What must I do to be saved?
That question has typically been answered in a very linear fashion. Line up these give points a draw a line from lost to saved. Bingo…you’re in! But what if there is more to salvation than that? What if God had something very different in mind when he talked about people entering the kingdom than boiling down the Gospel to a five step plan? What if I told you Jesus said that there was something that if you didn’t do, you could never experience eternal life with God in the kingdom that wasn’t on the five step list?
That would be a big deal, wouldn’t it?
What must I do to be saved?
“At that time the disciples came to Jesus and asked, “Who, then, is the greatest in the kingdom of heaven?”
He called a little child to him, and placed the child among them. And he said: “Truly I tell you, unless you change and become like little children, you will never enter the kingdom of heaven. Therefore, whoever takes the lowly position of this child is the greatest in the kingdom of heaven. 5 And whoever welcomes one such child in my name welcomes me.” – Matt 18:1-5
Jesus didn’t tell us to be childish in the way we treat each other. There is enough of that to go around. Jesus told us to become like the children to enter the kingdom of heaven.
What does it mean to change and become like little children to enter the kingdom of heaven?
First, change implies that we aren’t there to begin with. That means this isn’t going to come naturally to us and yet it can be done. It isn’t a single, solitary, isolated step. This is going to be a process. We are going to have to purposefully make some changes in order to make this happen. Second, Jesus clarifies what he means in the next sentence when he says he is talking about taking on a lowly position.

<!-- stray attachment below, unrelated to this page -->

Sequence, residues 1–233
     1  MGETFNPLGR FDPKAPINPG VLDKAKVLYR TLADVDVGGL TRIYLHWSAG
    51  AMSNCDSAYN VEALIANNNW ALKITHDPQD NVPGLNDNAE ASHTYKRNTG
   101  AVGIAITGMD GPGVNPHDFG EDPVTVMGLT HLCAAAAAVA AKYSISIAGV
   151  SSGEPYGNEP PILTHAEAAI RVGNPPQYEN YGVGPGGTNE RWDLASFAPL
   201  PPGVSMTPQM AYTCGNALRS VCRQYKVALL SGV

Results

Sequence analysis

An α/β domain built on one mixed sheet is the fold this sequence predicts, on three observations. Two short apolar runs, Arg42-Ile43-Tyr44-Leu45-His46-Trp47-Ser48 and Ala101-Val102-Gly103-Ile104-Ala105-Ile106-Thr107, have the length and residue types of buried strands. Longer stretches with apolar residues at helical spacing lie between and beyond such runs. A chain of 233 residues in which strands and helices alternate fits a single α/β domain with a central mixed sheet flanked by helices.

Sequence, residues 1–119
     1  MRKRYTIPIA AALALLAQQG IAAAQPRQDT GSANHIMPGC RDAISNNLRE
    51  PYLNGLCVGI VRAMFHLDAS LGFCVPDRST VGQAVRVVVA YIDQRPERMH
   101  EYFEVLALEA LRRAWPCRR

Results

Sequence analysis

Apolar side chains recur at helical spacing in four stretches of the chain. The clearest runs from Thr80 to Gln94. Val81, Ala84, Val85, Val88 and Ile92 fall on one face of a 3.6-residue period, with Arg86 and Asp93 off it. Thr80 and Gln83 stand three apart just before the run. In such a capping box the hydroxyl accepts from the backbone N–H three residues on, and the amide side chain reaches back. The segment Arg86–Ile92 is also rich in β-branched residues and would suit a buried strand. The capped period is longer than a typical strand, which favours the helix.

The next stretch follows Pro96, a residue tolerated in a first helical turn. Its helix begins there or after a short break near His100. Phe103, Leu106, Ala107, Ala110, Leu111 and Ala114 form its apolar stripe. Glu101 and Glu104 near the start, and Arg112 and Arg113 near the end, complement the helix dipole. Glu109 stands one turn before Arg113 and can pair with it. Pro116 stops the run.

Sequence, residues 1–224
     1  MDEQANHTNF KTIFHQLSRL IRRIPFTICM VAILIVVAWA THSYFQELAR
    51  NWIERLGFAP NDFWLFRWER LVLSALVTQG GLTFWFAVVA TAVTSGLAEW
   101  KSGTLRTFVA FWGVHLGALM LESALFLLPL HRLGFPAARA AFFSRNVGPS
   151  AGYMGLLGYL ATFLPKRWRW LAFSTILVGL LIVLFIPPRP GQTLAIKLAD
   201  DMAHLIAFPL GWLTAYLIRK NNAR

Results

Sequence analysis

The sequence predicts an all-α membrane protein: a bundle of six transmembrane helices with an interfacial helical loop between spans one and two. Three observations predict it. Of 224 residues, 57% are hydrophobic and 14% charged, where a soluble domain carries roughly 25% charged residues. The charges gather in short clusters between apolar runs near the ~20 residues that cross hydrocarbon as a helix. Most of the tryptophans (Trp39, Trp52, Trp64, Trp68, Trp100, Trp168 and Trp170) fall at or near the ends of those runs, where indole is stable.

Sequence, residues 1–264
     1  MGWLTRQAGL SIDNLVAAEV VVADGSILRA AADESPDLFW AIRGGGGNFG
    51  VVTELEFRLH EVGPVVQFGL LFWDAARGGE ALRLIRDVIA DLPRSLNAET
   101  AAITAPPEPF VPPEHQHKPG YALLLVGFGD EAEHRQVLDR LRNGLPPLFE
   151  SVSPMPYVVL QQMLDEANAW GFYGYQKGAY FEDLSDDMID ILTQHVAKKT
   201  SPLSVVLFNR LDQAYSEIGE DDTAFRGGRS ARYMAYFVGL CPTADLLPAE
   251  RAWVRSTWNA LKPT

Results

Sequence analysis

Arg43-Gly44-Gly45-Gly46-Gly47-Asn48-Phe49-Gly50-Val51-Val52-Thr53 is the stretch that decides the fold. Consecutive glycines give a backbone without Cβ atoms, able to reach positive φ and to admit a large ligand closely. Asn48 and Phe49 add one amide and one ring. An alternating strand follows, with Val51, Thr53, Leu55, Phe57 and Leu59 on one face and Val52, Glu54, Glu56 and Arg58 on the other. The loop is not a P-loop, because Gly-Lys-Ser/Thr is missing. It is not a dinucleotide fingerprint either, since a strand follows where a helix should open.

If we think we are great, we aren’t there. If we think we have made it, we aren’t there. If we treat people with disrespect, we aren’t there. If we beat people up emotionally, spiritually or even physically…we aren’t there either.
If we love unconditionally, we are making the change. If we live life with an innocence that doesn’t know how to fight dirty or be out for blood on the theological threshing floor, we are getting closer. If we don’t expect to get picked for the team, we might be closer than we think.
Changing to be like a child doesn’t come naturally to us as adults. It only comes naturally to us as children. Then we learn to protect ouselves, our interests, our property, and our ego and our innocence is lost. Once we learn to exert our will on others, our childlike demeanor begins to fade.
All is not lost, we can go back. It won’t be easy and it will go against everything this world teaches us to think and do but we can with Jesus’ help.
In the very next chapter we get a similar scene with a similar message,
“Then people brought little children to Jesus for him to place his hands on them and pray for them. But the disciples rebuked them.
Jesus said, “Let the little children come to me, and do not hinder them, for the kingdom of heaven belongs to such as these.” When he had placed his hands on them, he went on from there.” – Matthew 19:13-15
Those who have free access to Jesus are those who are like the children. They don’t come to Jesus for his blood. They come to Jesus to be with Him.
This should characterize the lives of believers…this child-like innocence should be a part of our outlook on life. It is a trusting way of living that is always looking to someone else to take care of what we cannot take care of for ourselves. I don’t mean to live an entitled life where someone is always doing things for you. I mean recognizing our own inability to perform up to the perfect standards that we often require of ourselves and know that our daddy still loves and accepts us just the way we are. I mean knowing that we might not be the most beautiful in the eyes of the world but we are beautiful to Him. I mean the excitement a child has when they know their parent has come home from a long day at work and they run to the door to hug them and just